A Service Based Development Process – Part 3

In Part 2 I discussed how activities in a delivery process could be created from capability patterns that are comprised of tasks and/or activities. Capability patterns are reusable patterns which can be applied across a range of delivery processes. Capability patterns have input/output work products which together define the ‘contractual boundary’ to which performers of the capability pattern must conform. In this post I’ll take a look at what these work products are and how they form part of a contract between capability patterns.

The table below shows the set of work products that are used in the process I have been describing.

Work Product Description Notation
Service Catalogue Catalogue of all services owned or used by the enterprise. May be technical or business, legacy or new/to be provided. Usually implemented as a service registry. WSDL
Service Certificate Identifies a service that meets certain quality criteria. Text
Service Portfolio Plan Describes what services will be provided, when and by whom. Text
Service Portfolio Describes the entire collection of business services that an enterprise uses or plans to use. Text
Service Model Defines the complete hierarchy of business and technical services used or planned to be used by the enterprise. Can exist at a logical and physical level. Contains one or more Service Specifications. UML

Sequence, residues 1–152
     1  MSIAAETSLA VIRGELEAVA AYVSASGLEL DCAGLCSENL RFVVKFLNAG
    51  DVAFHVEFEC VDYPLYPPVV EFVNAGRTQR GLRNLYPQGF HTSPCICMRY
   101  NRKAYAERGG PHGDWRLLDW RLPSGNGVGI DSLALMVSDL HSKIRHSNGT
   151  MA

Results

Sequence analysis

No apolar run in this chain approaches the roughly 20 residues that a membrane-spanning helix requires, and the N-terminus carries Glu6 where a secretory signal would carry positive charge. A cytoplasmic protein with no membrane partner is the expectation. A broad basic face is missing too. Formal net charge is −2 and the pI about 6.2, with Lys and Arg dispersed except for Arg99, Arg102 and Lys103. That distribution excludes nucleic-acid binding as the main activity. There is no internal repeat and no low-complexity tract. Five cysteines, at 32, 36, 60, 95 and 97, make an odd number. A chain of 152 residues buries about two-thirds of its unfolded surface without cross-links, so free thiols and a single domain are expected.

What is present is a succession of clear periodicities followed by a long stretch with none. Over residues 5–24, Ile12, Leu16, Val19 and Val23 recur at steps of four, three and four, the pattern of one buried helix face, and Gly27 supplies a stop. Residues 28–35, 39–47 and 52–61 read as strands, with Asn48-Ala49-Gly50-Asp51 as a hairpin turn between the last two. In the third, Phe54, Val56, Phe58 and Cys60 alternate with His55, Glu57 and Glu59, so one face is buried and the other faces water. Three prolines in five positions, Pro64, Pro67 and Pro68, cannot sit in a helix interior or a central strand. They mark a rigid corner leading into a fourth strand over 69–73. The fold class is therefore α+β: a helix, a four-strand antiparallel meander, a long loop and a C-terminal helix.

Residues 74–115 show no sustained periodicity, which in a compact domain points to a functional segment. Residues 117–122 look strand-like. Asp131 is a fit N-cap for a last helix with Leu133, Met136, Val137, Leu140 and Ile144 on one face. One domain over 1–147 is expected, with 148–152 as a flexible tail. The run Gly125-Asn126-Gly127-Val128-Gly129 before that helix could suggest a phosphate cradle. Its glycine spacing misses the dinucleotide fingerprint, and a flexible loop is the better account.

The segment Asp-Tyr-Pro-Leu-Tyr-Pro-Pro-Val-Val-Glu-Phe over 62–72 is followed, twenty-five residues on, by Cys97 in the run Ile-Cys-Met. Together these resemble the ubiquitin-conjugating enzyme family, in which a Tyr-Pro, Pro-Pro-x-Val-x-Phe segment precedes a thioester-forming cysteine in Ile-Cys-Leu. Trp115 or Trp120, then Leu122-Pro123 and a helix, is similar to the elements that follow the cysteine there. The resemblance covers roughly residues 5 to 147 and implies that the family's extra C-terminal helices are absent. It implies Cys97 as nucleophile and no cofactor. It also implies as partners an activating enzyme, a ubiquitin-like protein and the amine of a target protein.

Service Specification Defines a detailed specification for each service. Can exist at a logical and physical level. Text/WSDL
Deployed Service A service deployed in the service platform. Jave, MQ etc
Deployed Service Environment A deployed service platform. N/A

This diagram shows the relationships (finish to finish dependencies) between the above work products.

Work Product Dependency Diagram

In this next diagram we can see how  what I’m referring to as ‘contractual boundaries’ can be realised using these work products which are passed between two of the capability patterns I discussed last time.

Contractual Boundaries

Activities produce one or more work products which are consumed by other activities, either in the same capability pattern, or in a different one. This means that provided the input and output work products are agreed the capability patterns can run in parallel or, if needed, at different times. So, one capability pattern, the ‘provide capability’ one in the above example can contribute to the Service Model work product which another capability pattern, the ‘manage service portfolio’ one can contribute to at a later time if need be. Having a common set of agreed work products, which are shared in a repository, becomes the key to having an effective delivery process.

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